A Grandmother’s Duty

Written by ian robert knight

Travel Photographer, Bangkok

A Grandmother’s Duty

The story behind the photo

 

When I was trekking through northern Laos on a scouting trip, I visited countless villages perched on mountain hillsides. Some villages belonged to Lao Loum tribes, or Akha, or Khmu, or Hmong. There was quite a variety of ethnicities, for such a small country. But what remained constant in each of these villages was the grandmother’s duty – to look after their grandchildren.

Throughout Asia, it’s common for ageing grandparents to look after their children’s children, while the parents are at work during the day. With little or no social safety net, most people need to be looked after, both physically and financially, after they can no longer work for a living. It’s a trade off, in a way. The young children are looked after by someone they know, and the adults are able to work away from the home, knowing their kids are cared for by someone they trust.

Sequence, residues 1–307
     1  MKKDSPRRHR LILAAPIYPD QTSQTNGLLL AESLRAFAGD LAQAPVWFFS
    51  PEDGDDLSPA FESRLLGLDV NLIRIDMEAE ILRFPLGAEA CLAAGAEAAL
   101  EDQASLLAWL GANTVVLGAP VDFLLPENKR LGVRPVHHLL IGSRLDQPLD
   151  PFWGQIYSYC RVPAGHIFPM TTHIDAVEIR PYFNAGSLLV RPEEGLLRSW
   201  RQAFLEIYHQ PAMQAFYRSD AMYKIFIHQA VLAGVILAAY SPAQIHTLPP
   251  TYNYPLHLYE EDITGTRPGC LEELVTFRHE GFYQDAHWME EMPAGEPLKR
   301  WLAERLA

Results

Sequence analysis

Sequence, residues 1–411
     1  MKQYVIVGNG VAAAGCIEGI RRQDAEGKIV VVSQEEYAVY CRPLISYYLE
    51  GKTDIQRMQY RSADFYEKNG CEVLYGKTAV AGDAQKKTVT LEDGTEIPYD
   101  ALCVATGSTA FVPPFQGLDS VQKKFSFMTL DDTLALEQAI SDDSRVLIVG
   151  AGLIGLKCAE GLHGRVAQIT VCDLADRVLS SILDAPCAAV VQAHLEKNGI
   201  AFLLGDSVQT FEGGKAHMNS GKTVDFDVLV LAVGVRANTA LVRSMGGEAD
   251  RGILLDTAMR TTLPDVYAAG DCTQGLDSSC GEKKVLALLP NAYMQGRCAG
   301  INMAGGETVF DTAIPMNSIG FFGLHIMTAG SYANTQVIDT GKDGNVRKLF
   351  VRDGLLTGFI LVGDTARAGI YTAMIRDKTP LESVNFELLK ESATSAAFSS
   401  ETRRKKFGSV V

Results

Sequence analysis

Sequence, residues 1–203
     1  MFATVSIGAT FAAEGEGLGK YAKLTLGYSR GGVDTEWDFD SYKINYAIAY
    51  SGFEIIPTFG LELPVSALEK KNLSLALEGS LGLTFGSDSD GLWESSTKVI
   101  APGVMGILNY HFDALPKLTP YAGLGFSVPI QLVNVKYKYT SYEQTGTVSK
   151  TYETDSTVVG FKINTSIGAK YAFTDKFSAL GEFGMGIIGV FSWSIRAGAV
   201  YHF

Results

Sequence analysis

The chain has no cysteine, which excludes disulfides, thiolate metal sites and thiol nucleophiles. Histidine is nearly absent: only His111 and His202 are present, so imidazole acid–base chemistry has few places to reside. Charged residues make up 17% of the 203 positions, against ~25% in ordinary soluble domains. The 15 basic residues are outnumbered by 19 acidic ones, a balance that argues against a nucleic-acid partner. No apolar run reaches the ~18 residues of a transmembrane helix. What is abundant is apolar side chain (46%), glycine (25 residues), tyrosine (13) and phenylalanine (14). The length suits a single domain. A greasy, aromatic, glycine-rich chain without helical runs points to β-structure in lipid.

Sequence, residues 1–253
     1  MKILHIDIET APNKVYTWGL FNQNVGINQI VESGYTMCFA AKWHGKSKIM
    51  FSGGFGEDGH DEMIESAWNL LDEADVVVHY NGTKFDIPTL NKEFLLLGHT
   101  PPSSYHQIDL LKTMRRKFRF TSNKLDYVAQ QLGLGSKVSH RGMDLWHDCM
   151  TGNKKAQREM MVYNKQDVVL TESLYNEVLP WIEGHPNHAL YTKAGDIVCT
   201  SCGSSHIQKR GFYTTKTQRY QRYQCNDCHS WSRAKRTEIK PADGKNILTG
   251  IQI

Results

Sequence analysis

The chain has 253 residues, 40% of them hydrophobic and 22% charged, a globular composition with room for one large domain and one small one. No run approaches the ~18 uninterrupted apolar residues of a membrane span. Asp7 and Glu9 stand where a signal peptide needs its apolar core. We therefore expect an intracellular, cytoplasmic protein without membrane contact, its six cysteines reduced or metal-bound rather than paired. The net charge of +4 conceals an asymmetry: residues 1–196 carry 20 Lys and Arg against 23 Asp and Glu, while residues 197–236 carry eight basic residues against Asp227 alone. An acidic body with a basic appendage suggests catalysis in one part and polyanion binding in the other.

This graceful senior, belonging to the Hmong tribe that lives in Tauser, central Laos, was shy at first. When I spotted her in the shadows of a home I was invited into, she slowly emerged. I think she was nervous, since foreigners seldom visit her village, high up on a mountain, deep in the Laos jungle. It wasn’t until she came into the light, did I notice that she was carrying her sleepy grandchild on her back.

A month or so later, I returned to her village. I brought a printed version of this photo to give to her. I don’t think she’d ever been photographed before, in her 80+ years. She was happy, while still a little confused why I wanted to photograph her. But her face and shy demeanour was enough for me.

Fujifilm X-T2, 18-55 at 31.5mm, f4, at 1/80 sec

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